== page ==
When the original Toukiden was released it was quite obvious what the influences for the game were and Koei Tecmo’s Omega Force managed to put a unique enough spin on that influential formula that when an enhanced version, Toukiden: Kiwami, was released it seemed like they had managed to nail down a comfortable setting that players could enjoy. Now a couple years later a sequel has been released with a handful of changes, but the question is, does Toukiden 2 hold up with these modifications?
The battle between the Slayers and the Oni covering the land continues and players are immediately thrust into this battle by defending the Yokohama port from these Oni. With the Slayers being pushed to the brink the player character manages to find themselves transported to a strange forest and only with the help of a strange mechanical partner and a highly intelligent woman do they manage to survive.
Unfortunately for the player character, the battle at Yokohama was a losing one and ten years have passed since that turn in the battle and now the Oni have destroyed large portions of the world during “The Awakening.” Although the professor and her mechanical partner are more than willing to help the player travel to the nearby Mahoroba village it doesn’t take long to realize that the player is suffering from amnesia that has left them with no knowledge of the events before the battle took place.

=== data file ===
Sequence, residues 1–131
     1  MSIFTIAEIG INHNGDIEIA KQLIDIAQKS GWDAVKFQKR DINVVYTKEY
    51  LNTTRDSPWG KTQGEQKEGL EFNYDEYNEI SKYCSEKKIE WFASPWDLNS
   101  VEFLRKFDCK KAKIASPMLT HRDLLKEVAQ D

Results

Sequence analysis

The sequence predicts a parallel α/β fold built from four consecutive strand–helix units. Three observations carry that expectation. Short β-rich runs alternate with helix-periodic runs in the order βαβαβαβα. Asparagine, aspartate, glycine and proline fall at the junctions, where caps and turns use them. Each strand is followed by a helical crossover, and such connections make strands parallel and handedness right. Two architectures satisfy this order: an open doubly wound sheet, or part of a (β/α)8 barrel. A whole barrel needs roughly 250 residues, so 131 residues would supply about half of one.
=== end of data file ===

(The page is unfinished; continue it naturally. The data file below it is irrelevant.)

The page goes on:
As a warrior out of time and place, there is a strange curse being influenced by the Oni, who are capable of such a feat, that means that the player may end up being transported through time once again and the only way to avoid this fate is to join with the battle against the Oni once again while trying to recover your memories while also strengthening your connection to the current time frame by forming bonds with the various characters that the player is introduced to throughout the story, while also dealing with the power struggle between the two factions that control Mahoroba village, the Samurai and the Town Guards.
Toukiden 2’s storyline is something of a mixed bag as the core story does trip itself up more than a few times and often can feel rather generic but the cast of characters that you end up spending time with are a delightfully interesting bunch that you’ll be happy to learn more about while slaying the Oni in this now open world title.
One of the first things you’ll end up noticing in Toukiden 2 is the fact that the game has changed from being one where players are sent off into stages into one that features an open world where they can walk right out of the fairly sizable base that is Mahoroba village into the field and encounter Oni without any real break in the action. The main village is even more expansive than before as players will find a shrine, laboratory, and more to explore though many of the residents are simply there as filler.
Fans of the series will immediately feel right at home when it comes to the battle system in Toukiden 2 as the company knew that they already had managed to develop a satisfying system though they also have added a number of new mechanics as well. Players will find that there are now new weapon types such as the chain whip and sword and shield to use alongside all of the previous returning weapon types to take down the various Oni that roam the open world.
As you travel the field you’ll often have three party members with you and their combat AI is quite intelligent with players given some small control over them by giving them certain directives such as focusing on attack, aid, and more. Alongside the aforementioned weapon availability players will find that the Mitama, that are all figures taken from Japanese history as well as legend, have returned and can be equipped to provide various bonuses and skills with new bonuses now being available depending on how long certain ones are equipped and even whether certain historical figures might have actually interacted with one another.